“He seems like a nice guy. Teaches social studies at a Catholic high school. From what I can tell, they had a pretty messed-up childhood. Their dad died when they were small and their mother had a crummy job that didn’t pay enough to feed five kids. Another brother, one who lives in California now, he told me she was abusive and Slovo got the worst of it. He ran away and was a street kid for a while, which explains a lot. I mean, he was always goofing around, like a clown with anger issues, but he didn’t socialize after work. Even when he was working, he kept his own hours and did his own thing.”
“A man of mystery.”
“More than I ever realized. It turns out that Dugan grew up with the detective who got killed the night Slovo was wounded. They were close family friends.”
“Jim didn’t know her, but we went to her funeral.” There was a brief silence while they both remembered another funeral that was a sea of uniforms, hundreds of officers showing solidarity. The sound of bagpipes.
“Your other case,” Nancy said briskly. “The boy who’s headed to a crisis. How’s he doing?”
“I haven’t talked to him today.” Her hand reached for her phone automatically. No new messages. “He’s not a boy anymore, he’s a graduate student. He’s the one tried to go to Argentina.”
“I remember that. Those poor parents.”
“They disagree about what to do. His mother is over-involved. His father is ready to wash his hands of him.”
“That poor kid.”
They finished the bottle as they talked, then Anni headed to campus to spend the rest of the evening with her brother. They were watching a documentary about bees on the Discovery Channel in companionable silence when her phone rang. She frowned at the number. It wasn’t anyone in her contacts, but the area code seemed vaguely familiar. She’d used it not long ago, she realized, calling people in the Boston PD, trying to get a bead on Slovo.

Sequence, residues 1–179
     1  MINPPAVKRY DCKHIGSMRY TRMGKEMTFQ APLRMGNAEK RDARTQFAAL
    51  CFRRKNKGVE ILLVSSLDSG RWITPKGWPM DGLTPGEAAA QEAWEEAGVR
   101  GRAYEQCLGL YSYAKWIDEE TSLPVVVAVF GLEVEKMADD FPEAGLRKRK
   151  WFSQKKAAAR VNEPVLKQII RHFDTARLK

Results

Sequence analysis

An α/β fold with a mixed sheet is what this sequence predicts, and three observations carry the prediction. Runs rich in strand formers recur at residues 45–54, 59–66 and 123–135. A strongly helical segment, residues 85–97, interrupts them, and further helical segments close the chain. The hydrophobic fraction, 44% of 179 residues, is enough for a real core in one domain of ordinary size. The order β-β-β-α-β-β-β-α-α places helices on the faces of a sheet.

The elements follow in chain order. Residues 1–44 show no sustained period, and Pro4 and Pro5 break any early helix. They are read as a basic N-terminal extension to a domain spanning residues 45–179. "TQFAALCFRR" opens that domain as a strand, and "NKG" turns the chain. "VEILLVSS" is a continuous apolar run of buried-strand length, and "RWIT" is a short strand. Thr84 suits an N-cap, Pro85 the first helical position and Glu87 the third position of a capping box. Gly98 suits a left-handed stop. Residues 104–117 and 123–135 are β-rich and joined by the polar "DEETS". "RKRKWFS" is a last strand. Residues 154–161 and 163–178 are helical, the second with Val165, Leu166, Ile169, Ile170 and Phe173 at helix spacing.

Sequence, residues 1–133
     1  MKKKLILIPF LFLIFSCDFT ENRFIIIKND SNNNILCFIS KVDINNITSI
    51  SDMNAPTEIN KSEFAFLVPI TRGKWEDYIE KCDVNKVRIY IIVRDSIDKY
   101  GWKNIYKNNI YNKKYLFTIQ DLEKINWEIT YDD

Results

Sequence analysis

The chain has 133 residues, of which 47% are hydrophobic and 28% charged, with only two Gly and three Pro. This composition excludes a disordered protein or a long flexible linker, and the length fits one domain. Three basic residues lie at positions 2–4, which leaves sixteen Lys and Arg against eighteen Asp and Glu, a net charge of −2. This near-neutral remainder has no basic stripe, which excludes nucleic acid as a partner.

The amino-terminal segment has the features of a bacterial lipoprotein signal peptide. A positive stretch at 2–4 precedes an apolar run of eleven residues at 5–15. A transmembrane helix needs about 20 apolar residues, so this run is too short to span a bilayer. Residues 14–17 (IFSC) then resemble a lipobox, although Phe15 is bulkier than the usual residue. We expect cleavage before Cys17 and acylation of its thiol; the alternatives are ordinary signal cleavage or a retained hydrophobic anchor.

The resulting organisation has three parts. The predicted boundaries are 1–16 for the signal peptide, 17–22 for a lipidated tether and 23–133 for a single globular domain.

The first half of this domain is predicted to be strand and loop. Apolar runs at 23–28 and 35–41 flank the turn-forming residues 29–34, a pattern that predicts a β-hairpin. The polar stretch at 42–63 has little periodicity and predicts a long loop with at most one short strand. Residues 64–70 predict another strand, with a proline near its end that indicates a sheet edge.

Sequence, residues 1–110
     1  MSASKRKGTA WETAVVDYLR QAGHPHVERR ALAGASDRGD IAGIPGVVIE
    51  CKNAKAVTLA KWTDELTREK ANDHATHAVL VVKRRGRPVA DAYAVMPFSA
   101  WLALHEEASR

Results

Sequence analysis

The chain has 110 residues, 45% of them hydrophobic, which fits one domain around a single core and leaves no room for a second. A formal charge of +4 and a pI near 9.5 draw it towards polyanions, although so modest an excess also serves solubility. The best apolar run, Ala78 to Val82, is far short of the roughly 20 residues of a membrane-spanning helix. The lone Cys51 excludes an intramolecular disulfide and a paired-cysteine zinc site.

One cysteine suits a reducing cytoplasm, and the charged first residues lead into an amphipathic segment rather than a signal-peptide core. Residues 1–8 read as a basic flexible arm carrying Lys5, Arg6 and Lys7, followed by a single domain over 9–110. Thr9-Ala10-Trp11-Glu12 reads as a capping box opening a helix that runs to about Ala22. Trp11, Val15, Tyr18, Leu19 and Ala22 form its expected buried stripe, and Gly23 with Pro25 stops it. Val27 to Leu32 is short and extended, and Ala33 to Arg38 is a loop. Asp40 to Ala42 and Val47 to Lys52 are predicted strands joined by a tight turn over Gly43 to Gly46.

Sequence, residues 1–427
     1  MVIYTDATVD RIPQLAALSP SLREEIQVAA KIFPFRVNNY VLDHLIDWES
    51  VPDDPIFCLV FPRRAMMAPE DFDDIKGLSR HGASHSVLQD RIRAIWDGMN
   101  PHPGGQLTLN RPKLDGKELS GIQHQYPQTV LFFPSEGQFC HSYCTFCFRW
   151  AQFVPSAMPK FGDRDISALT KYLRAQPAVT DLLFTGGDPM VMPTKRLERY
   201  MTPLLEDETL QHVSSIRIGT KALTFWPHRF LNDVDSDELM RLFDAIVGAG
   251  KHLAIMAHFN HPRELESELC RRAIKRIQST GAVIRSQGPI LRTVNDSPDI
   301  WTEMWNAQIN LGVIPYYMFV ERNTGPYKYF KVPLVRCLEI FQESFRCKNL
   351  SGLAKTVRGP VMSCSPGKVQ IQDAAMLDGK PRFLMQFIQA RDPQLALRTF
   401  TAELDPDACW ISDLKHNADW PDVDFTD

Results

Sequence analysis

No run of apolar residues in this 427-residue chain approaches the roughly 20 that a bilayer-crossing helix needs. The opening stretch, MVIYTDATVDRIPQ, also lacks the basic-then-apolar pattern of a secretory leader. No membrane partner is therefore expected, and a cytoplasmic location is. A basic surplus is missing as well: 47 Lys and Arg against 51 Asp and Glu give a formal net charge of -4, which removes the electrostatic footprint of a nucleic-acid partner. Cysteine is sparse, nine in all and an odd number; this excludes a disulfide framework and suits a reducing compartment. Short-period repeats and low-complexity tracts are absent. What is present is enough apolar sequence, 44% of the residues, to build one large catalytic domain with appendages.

“Yes?” she said, rising and taking her phone to the hallway outside her brother’s studio apartment.
“You’ve been asking about me.”
No hello, just the sharp edge of suspicion. “Is this Slovo? Uh, yeah, thanks for getting in touch.”
“What do you need?” There were echoing sounds in the background. Voices bouncing off hard surfaces. A radio playing in the background.
“I wanted to ask you about Feliks Król.”
“Feliks?” His tone thawed. “Wow. Been a while. How’s he doing?”
“I’m afraid he died last January.”
“Shit. What happened?”
“It was pneumonia.”
“Damn. I guess he was getting on in years.”
“Sorry to drop the news on you like that. So, you knew him pretty well?”
“What’s this about?” The warmth had left his voice as abruptly as it had come.
“I don’t know if you remember the Danny Truscott case.”
“Sure. The one you caught. I heard they found some evidence.”
“Danny’s shirt and shoes. They were in Król’s room.”
“In . . . Sorry, it’s noisy here. What was that?”
“Feliks Król had some of Danny’s clothes in his room.”
“No. What I heard, it was some crazy artist.”